Rights of an arrested person

Introduction

One of the basic tenets of our legal system is the benefit of the presumption of innocence of the accused till he is found guilty at the end of a trial on legal evidence. In a democratic society even the rights of the accused are sacrosanct, though accused of an offence, he does not become a non-person. Rights of the accused include the rights of the accused at the time of arrest, at the time of search and seizure, during the process of trial and the like. The accused in India are afforded certain rights, the most basic of which are found in the Indian Constitution. The general theory behind these rights is that the government has enormous resources available to it for the prosecution of individuals, and individuals therefore are entitled to some protection from misuse of those powers by the government.

In the leading case of Kishore Singh Ravinder Dev v. State of Rajasthan, it was said that the laws of India i.e. Constitutional, Evidentiary and procedural have made elaborate provisions for safeguarding the rights of accused with the view to protect his (accused) dignity as a human being and giving him benefits of a just, fair and impartial trail. However in another leading case of Meneka Gandhi v. Union of India it was interpreted that the procedure adopted by the state must, therefore, be just, fair and reasonable.

Rights Of Arrested Person

1. Right To Silence:

The right to silence is a principle of common law and it  means that normally courts or tribunals of fact should not be invited or encouraged to conclude, by parties or prosecutors, that a suspect or an accused is guilty merely because he has refused to respond to questions put to him by the police or by the Court.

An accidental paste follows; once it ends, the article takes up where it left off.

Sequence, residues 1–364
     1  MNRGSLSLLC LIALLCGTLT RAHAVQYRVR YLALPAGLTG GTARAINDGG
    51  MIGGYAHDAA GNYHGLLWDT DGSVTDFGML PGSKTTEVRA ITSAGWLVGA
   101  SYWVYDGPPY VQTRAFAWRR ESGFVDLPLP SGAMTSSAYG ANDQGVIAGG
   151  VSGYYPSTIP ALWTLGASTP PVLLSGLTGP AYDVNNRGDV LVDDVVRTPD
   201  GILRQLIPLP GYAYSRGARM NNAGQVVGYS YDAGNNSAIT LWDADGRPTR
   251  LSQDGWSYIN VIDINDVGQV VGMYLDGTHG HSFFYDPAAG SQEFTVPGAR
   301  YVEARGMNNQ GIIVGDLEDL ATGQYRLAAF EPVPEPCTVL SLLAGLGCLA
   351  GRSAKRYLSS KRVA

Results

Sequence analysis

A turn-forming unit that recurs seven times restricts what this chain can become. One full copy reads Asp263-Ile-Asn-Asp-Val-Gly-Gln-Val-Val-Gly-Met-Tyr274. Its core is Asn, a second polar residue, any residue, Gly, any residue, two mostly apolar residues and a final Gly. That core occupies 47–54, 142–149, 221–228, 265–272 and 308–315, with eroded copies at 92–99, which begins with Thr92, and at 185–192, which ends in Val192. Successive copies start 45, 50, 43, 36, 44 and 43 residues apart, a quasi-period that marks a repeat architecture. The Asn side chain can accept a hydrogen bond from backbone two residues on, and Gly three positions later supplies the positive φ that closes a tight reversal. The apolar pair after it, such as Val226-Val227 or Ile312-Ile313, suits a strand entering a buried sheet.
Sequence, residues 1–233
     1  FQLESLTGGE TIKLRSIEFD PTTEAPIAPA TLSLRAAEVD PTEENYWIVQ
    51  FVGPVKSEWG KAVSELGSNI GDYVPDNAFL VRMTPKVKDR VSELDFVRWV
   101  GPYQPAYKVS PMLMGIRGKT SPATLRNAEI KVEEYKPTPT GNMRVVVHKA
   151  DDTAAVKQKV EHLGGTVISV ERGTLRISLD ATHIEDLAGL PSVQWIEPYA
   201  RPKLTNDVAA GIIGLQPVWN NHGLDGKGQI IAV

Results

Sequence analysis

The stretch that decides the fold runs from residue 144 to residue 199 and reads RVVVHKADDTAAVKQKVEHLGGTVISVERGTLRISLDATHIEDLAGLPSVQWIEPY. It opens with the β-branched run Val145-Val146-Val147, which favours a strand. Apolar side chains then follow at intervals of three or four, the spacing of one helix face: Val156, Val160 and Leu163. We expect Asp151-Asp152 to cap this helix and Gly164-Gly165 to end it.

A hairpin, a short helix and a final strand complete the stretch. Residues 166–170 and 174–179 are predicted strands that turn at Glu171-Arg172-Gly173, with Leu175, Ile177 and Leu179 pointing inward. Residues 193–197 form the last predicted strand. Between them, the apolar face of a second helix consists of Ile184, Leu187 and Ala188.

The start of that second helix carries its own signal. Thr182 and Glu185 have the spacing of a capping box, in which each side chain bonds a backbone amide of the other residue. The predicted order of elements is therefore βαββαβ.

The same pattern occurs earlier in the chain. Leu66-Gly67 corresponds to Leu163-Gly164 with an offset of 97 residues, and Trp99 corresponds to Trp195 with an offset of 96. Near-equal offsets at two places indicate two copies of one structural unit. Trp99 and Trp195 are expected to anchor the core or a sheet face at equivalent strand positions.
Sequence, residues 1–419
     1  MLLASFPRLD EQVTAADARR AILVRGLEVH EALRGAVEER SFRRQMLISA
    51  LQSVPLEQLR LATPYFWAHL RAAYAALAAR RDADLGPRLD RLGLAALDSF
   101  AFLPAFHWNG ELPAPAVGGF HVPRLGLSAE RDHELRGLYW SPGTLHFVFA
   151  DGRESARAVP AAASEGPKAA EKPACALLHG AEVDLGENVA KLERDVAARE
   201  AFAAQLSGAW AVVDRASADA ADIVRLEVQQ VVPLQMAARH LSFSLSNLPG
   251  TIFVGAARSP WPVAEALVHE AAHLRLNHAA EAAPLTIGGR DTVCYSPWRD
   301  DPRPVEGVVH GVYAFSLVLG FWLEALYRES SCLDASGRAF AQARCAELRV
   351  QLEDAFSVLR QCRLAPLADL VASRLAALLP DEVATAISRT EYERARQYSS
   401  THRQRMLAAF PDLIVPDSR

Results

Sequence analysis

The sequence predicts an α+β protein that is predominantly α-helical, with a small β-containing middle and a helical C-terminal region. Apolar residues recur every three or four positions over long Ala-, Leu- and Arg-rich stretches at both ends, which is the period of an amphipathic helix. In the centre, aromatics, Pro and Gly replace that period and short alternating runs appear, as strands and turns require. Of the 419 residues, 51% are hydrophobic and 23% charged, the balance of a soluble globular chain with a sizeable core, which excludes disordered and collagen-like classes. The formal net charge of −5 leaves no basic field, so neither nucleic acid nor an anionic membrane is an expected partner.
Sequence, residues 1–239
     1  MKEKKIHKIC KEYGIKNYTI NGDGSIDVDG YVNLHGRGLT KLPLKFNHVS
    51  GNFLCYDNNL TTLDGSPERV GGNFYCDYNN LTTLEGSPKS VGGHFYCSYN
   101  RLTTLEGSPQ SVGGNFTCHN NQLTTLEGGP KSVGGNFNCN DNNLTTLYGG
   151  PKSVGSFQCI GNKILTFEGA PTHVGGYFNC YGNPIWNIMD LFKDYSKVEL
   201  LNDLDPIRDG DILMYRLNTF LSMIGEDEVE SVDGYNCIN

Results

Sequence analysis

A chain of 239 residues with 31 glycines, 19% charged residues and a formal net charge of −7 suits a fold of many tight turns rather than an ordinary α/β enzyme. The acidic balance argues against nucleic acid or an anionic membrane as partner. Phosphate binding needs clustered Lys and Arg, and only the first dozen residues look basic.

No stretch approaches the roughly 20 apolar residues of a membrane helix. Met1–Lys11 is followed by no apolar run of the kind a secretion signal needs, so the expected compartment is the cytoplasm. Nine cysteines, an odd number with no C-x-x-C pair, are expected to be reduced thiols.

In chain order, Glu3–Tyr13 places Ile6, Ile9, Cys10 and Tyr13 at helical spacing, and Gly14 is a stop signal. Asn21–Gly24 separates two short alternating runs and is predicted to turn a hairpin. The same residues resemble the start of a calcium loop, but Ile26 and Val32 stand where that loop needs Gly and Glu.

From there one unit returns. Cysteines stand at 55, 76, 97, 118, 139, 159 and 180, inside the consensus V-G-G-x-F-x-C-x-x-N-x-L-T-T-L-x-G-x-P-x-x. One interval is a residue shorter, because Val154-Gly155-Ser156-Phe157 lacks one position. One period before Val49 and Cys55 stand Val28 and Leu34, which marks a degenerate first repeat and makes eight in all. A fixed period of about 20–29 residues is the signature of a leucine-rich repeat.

Right to silence is mainly concerned about confession. Breaking of silence by the accused can be before a magistrate but should be voluntary and without any duress or inducement. To ensure the truthfulness and reliability of the facts he stated the magistrate is required to take several precautions. Right to silence and the right against self-incrimination have been watered down quite considerably by interpretation than by legislation. The defendant if he so desires can be a witness in his trial. His confession outside the court either to the police officer or to the magistrate is admissible.

2. Right To Know The Grounds of Arrest : According to Section 50(1) Cr.P.C. “every police officer or other person arresting any person without warrant shall forthwith communicate to him full particulars of the offence for which he is arrested or other grounds for such arrest.”

When a subordinate officer is deputed by a senior police officer to arrest a person under Section 55 Cr.P.C., such subordinate officer shall, before making the arrest, notify to the person to be arrested the substance of the written order given by the senior police officer specifying the offence or other cause for which the arrest is to be made. Non- compliance with this provision will render the arrest illegal.

Indian constitution has also conferred on this right the status of the fundamental right. Article 22(2) of the constitution provides that no person who is arrested shall be detained in custody without being informed as soon as may be, of the grounds of such arrest nor shall he be denied the right to consult, and to be defended by a legal practitioner of his choice.